These nifty cans of dirt represent both art and environmental clean-up.

ECOSS’ resident brownfields expert, Emery Bayley, recently had the whole office abuzz with an unlikely new piece of office décor: a soup can full of dirt. This was not just any can of dirt, but a creative brownfields clean-up solution from collaborative art trio SuttonBeresCuller. Doubling as an art piece and accompanied by a fun video, the cans (which are available for purchase) are filled with contaminated dirt from the site of a former gas station in Georgetown. The cans both remove dirt from the site as part of remediation efforts and raise awareness about SuttonBeresCuller’s community-enhancing vision.


Before: The site’s chain link fence currently doubles as an art gallery (credit: SuttonBeresCuller)


After: Mini-Mart City Park’s vision is to create a public park and community center (credit: Sutton Beres Culler)

Across from Boeing Field, the station stored fuel for Boeing during World War II. The gas station went out of business in the 1970s. The site has subsequently been home to a dry cleaners and other businesses. Since 2008, SuttonBeresCuller has worked with ECOSS, the King County Brownfields Program, and the EPA to conduct environmental assessments of the site. In 2013, they formed the nonprofit Mini Mart City Park, which purchased the site for remediation. This innovative project—which ultimately will transform the site into a pocket park, public sculpture, and community center—“blurs the lines between public art, architecture, environmental activism and green design,” as SuttonBeresCuller put it. The goal is to provide not only provide public green space to the community, but a potential new model for small site brownfield remediation. Get your can of dirt today while supplies last!


Join the conversation! 2 Comments

  1. First of all, I’m not sure how a paint can with a colorful label on it constitutes “art,” but that’s not really my point. This dirt is contaminated (as the article says) and is being sold (innovative, maybe, a bit shady, definitely) to whomever decides to purchase one. My issue is, what happens when that individual, business, what have you, decides that they don’t want the “art” any longer? The answer: they toss is in the trash which then goes to a landfill and spreads this contaminated material further.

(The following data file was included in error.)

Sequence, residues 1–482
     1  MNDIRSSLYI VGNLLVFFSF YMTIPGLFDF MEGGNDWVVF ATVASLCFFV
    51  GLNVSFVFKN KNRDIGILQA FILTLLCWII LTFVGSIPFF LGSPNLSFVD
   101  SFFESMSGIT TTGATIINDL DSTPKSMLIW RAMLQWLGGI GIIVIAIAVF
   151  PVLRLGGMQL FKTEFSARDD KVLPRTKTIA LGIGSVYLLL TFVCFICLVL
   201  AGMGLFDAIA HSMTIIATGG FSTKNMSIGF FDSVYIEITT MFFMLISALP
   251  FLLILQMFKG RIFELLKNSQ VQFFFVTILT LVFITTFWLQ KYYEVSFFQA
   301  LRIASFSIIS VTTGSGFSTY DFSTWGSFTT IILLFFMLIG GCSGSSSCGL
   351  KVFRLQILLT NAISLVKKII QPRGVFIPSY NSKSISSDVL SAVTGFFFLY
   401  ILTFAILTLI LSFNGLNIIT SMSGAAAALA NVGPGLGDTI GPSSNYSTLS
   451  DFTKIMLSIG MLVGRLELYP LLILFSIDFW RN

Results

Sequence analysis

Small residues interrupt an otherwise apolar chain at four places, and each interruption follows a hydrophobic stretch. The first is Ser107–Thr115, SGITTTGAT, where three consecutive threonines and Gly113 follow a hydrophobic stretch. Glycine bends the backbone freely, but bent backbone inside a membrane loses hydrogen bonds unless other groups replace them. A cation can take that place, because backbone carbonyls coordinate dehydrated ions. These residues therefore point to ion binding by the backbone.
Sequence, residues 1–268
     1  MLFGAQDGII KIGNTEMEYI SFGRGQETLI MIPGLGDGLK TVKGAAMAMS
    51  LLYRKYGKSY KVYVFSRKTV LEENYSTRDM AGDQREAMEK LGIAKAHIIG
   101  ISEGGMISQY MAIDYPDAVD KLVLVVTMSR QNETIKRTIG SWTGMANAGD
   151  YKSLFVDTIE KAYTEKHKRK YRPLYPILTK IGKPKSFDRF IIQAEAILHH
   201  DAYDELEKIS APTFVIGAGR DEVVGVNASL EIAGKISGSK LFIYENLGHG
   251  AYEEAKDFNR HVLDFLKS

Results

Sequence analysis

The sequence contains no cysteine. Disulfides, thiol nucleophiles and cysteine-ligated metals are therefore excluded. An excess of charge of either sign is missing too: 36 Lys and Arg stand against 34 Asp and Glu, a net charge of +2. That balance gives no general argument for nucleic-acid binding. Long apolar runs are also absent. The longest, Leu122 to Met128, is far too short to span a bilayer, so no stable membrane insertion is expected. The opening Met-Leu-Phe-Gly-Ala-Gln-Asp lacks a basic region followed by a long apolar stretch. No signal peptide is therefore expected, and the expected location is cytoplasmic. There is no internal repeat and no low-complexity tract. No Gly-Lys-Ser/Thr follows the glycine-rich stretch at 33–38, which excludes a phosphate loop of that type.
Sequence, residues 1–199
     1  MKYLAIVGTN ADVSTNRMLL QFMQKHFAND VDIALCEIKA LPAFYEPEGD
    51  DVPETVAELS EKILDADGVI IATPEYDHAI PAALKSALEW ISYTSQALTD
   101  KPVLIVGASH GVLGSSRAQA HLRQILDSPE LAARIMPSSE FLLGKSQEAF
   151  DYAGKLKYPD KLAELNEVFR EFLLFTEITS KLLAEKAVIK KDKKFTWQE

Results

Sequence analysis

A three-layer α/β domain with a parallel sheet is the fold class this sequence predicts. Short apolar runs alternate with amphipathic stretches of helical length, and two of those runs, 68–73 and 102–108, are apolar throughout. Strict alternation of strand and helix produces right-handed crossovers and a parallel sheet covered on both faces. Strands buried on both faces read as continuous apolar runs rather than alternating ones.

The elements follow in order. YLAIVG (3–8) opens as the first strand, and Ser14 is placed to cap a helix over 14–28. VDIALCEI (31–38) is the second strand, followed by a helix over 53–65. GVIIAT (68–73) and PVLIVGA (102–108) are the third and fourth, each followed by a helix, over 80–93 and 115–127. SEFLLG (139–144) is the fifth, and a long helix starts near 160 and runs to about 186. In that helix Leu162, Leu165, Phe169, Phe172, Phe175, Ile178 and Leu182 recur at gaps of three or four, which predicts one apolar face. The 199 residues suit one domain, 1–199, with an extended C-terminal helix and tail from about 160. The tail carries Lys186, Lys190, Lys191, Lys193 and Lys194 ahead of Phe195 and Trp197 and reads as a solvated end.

Doesn’t really seem like a solution to me!

    • John, thank you for your comment. Generating discussion is exactly what we were hoping for when we highlighted this project.

      What is art? This is a highly subjective question that has been debated for a long time. Your mileage may vary on this particular piece, but it seeks to stimulate and provoke new ways of looking at things and seeing the world around us, which many would argue is exactly what art is and should do.

      What happens when you toss the “contaminated dirt” in the landfill? This is a valid concern, and would be a problem if the amount and contamination level of the dirt was enough to make the project illegal. However, we are talking about a relatively small amount of dirt from the relatively clean surface. There are also clear warnings on the label not to open the cans. Because of these precautions, contamination of the landfill is highly unlikely.

      It’s worth pointing out that these soup cans of dirt are only part of a larger effort by SuttonBeresCuller to clean up the site and transform it into a usable community asset. They are working with the County to clean up the site according to Model Toxics Control Act (MTCA) regulations. The primary aim of the cans is to generate awareness for the project as a whole. In fact, according to the cans themselves, it would take over 5 million of them to clean the site. Your concerns highlight the challenges of brownfield revitalization and the fact that there is no way to truly throw something away on our finite planet. The dirt has to go somewhere. The fact that a group of artists are taking the time and making the effort to clean up a contaminated site is unusual and noteworthy.

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